RICHLAND -Although his rise seems rapid, Sincere Rhea really hasn’t emerged from under the radar this spring.
After all, the St. Augustine Prep school junior won the Meet of Champions 110-meter hurdles over the winter.
“He has been unbelievable in the winter and is keeping it going right through,” said Matt Forrest, the coach of St Augustine.
Rhea is knocking on the door of running a sub-14 in the 110 hurdles.
“I’m constantly pushing forward,” Rhea said. “The coaches push me and my teammates push me, but I really give all the credit to God.”
Last week, Rhea helped the Hermits win the Large School 800 sprint medley championship at the South Jersey Open. He took the baton from leadoff man Will Gould and passed to Patrick Smith and Nkem Ota anchored for a time of 1:34.13, which was two seconds faster than their seed time.
The foursome also won the 4x100 on the Rancocas Valley track with Smith and Ota switching spots in a time of 43.47, which was over a second better than their seed time.
And, running in the same order, they also won the 4x200 relay in a time of 1:02.57, which was over three seconds off their seed time.
Rhea also teamed with leadoff man Joseph Barolozzi, Jacob Cobb in the third hole and anchor Justin Shorter to win the 4x100 shuttle hurdles.
So where did Rhea come from this year?
“Last year he had a hip injury, and other than dual meets didn’t run,” Forrest said.
“Freshman year, he ran a 14.99, which was the fastest freshman time in the state in 10 years, so I knew he was on the right path, but most of South Jersey had no clue,” Forrest said.
“In dual meets this spring, he’s been down to 14.1 hand time,” Forrest said.
As a sophomore, Rhea won the Indoor Non-Public A 55 hurdle state championship. Then, over this past winter, he won thee Meet of Champions title with the 7.35.
In the 400 hurdles this outdoor season, he clocked a 55.2, but again that was hand time.
Even with the emergence in the 400 hurdles, Forrest feels Rhea’s best event is the 110 hurdles. He said he’s been getting a couple phone calls, but mostly college coaches telling him when “he’s in the low 14’s or high 13’s that they will be calling.”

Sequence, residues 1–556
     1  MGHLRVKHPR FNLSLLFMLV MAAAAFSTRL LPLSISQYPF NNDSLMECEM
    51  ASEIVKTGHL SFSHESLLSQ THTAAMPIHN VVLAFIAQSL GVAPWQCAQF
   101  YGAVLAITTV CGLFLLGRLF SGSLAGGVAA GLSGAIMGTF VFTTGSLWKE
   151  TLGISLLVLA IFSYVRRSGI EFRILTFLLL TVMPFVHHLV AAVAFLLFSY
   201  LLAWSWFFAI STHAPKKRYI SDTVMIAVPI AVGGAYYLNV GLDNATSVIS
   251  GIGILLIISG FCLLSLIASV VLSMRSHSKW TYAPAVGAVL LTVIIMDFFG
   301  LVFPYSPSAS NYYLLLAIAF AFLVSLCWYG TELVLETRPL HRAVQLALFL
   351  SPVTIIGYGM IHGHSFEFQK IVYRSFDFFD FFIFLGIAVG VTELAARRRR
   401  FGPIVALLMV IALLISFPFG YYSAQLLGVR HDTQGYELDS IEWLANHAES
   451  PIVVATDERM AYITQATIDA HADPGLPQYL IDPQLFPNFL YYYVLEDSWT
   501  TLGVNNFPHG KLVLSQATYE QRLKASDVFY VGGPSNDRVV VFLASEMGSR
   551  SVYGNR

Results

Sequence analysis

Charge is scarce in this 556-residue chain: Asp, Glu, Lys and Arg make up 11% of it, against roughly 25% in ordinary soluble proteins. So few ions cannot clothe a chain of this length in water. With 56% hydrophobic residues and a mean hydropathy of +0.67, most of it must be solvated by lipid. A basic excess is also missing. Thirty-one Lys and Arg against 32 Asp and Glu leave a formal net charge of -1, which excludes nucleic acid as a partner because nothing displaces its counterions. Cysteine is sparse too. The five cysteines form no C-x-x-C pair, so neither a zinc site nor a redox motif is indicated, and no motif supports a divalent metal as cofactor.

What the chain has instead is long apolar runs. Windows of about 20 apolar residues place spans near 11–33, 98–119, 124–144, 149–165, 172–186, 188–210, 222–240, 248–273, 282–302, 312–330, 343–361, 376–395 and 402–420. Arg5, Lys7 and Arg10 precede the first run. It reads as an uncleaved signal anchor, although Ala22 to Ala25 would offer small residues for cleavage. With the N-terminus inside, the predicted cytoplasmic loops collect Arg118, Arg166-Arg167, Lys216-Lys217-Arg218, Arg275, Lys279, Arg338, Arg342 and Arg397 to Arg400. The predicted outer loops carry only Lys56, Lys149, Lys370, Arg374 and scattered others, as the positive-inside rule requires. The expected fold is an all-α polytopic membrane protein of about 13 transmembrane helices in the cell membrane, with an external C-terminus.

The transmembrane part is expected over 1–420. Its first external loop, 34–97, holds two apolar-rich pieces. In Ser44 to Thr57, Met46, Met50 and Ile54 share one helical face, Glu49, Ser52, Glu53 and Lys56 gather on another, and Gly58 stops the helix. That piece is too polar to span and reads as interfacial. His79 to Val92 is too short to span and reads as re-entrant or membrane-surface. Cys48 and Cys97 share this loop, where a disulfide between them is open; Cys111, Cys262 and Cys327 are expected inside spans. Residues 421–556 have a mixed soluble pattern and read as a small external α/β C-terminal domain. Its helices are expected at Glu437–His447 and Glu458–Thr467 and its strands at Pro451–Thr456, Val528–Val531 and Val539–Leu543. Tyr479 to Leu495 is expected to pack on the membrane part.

He should get there these next two weeks.
“My goal is to go sub-14 at the Atlantic County or the following week at the Cape Atlantic,” he said about the upcoming county and conference championships. “I know I will go sub-14 with a big crowd and all my peers around me.”
Rhea, who is from Millville, skipped running in the Penn Relays to run in other meets in Pennsylvania to get a time for the 110 hurdles.
“They had earlier times, they had a 14.99 since my freshman year and that’s not ranking high enough,” Rhea said about college coaches. “I had to get the 14.1 and that really opened eyes.”
Originally, Rhea opened the eyes of Forrest on the football field.
“He’s been a football player most of his life, I coached him in freshman football and I told him you are really fast, you need to run track and that’s not an option,” Forrest said.
“We had some decent hurdlers and they took him under his wing.”
Rhea didn’t embrace the hurdles at first.
“Freshman year, looking back, it was intimidating,” Rhea said about the hurdles. “I said to myself I wasn’t sure if I wanted to do this, they looked a little high.
“But at the end of the year, at Pennsauken, I remember saying I thought I wanted to do this and I have grown in it every year since.”
Rhea recently went on football recruiting visits to the University of Richmond and Elon (North Carolina) and he has been offered by Lehigh. He Is being recruited as a defensive back and kick returner.
“I played football my entire life and I’ve been running track since my freshman year, so I’m not sure yet,” Rhea said. “In the summer I will sit down with my parents (Channel and Ben) and we will figure out what I want to do in college for the next four or five years … or beyond.”
Although he hasn’t made up his mind on what sport he wants to play, he does know what he wants to study.
“I want to major in psychology,” Rhea said. “I really want to talk to those who have problems, the people who need someone to talk to. I don’t like to see people down. I want to see them in position to be the best they can.”
He understands this is a good decision to have to make.
“As a sophomore I had a bad injury and I knew I would take two steps back but I would jump up six steps,” Rhea said. “Now people know me and it does feel special when I line up and all the eyes are on me.
“I feel the pressure, but to be honest, I like it, really pushes me.”
He really likes his first name, Sincere, too.
“I do always get jokes in school,” he said with a smile, “but I love it.”